Gehenna: Where Death Lives is a classic horror movie. The effects and cinematography work really well, but the pace isn’t quite there.
I didn’t know what to expect from Gehenna: Where Death Lives and was very pleasantly surprised at the beginning.
This sounds like I’m about to really trash it, but that’s not the case at all. I just have to admit that I wasn’t crazy about the middle part. We keep going in circles, which I know represents the story, but it’s too much.
Certain parts of the story worked really well for me, but I needed something else during the middle part for it to work. If a good 15-20 minutes had been cut from the story, I would’ve been a lot happier with Gehenna: Where Death Lives.
The good and the bad
If there’s one thing I took from Gehenna: Where Death Lives, it’s that Sean Sprawling is absolutely brilliant. I really need to check out any future work he does. He has the best comedic timing and just pulls off elements of his story perfectly. From the fun bits to the hardcore horror elements. And he really is very instrumental in several of the more bloody stuff.
Other than that, Eva Swan was really good as Paulina. There are a few things about her character that seemed to not fit. Actually, it just felt like a man had written a female character without actually having talked to many women – or made any attempt to understand them. This might also explain why Eva Swan was the only woman in the entire movie.
Never a good thing in my book.
Lance Henriksen (Mom and Dad) and Doug Jones (The Shape of Water) are the names mentioned in relation to Gehenna: Where Death Lives. Don’t let that fool you. Or rather, don’t expect to see much of Lance Henriksen. It’s almost a cameo type deal.
Doug Jones has more scenes and, of course, he’s not exactly recognizable. However, he is as awesome as always. Even though his character isn’t a big – or very active – part of the movie.
However, as good as most of the cast were, someone stood out. And not in a good way. The role of Dave was played by Matthew Edward Hegstrom and it didn’t work for me at all. Everything seemed forced, overly dramatic or just off. This is the only credit of any kind on IMDb and I can only hope he’ll do better in the future. When you’re just waiting for someone to die, it’s just a sad situation.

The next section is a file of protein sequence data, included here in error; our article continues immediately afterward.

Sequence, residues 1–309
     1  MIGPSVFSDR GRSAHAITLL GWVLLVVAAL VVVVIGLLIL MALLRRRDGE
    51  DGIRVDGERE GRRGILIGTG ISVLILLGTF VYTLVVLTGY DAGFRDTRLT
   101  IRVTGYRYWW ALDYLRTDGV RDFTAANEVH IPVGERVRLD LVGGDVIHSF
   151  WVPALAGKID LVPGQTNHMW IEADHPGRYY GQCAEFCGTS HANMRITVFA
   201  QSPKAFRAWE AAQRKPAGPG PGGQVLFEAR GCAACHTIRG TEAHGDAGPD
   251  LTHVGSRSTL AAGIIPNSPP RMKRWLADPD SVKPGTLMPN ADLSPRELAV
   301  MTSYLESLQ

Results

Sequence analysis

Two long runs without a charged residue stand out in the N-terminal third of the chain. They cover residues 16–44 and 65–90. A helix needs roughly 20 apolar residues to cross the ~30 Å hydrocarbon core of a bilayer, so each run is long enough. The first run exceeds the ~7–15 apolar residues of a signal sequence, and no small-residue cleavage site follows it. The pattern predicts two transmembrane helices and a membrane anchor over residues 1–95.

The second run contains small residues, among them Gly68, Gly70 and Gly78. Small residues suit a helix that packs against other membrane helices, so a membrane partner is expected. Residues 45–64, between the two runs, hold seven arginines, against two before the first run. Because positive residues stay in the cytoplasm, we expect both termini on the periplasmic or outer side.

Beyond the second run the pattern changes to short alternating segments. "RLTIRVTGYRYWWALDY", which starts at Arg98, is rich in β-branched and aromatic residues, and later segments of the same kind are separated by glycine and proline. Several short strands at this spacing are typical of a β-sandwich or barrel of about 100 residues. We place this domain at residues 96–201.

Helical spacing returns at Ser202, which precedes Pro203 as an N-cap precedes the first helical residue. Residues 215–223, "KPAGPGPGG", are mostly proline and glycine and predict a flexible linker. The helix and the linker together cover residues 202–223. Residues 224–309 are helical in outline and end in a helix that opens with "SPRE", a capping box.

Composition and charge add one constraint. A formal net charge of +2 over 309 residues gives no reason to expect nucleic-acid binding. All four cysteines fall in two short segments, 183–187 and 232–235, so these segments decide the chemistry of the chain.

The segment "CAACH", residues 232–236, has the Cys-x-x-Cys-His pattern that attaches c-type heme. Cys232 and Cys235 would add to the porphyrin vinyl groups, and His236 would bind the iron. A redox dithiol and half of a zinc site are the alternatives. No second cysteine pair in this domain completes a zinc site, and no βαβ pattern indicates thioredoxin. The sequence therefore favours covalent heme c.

Awesome effects and cinematography
Generally, the effects in Gehenna: Where Death Lives are all kinds of brilliant.
Then again, you wouldn’t expect any less from the feature film directing debut of Hiroshi Katagiri. In the past, Hiroshi Katagiri worked with special effects on productions like Pacific Rim, Pirates of the Caribbean: On Stranger Tides and The Cave. The latter might be the most relevant in relation to Gehenna: Where Death Lives.
Also, the cinematography is really sublime for Gehenna: Where Death Lives. Especially the way light and dark is used. Most of the story takes place in a bunker or cave, which means we don’t have any daylight. Most of the creepy elements come from never knowing when something is lurking in the dark corners.
Potential for more
Having watched Gehenna: Where Death Lives, I definitely feel like Hiroshi Katagiri has something more to offer. He just needs a better script and tougher editing. This movie could very easily have gone at least one rating higher on our scale.
You should still check out this movie if you like the classic horror movies. The elements with urban legend-like features and being trapped in a cave worked really well. Also, Sean Sprawling made sure you never got really bored. If nothing else, you should watch this for Sean Sprawling and Doug Jones.
Gehenna: Where Death Lives is in theaters across the U.S and on digital from May 4, 2018.
As of December 10, 2018 Gehenna: Where Death Lives is also out on Netflix in the U.S. and Canada.
Director: Hiroshi Katagiri
Writer: Hiroshi Katagiri, Nathan Long, Brad Palmer
Cast: Doug Jones, Lance Henriksen, Eva Swan, Simon Phillips, Justin Gordon, Sean Sprawling, Matthew Edward Hegstrom
Gehenna fixes on five people who enter a hidden bunker from WW2, and realize it’s way more than a bunker. Some fates are MUCH worse than death.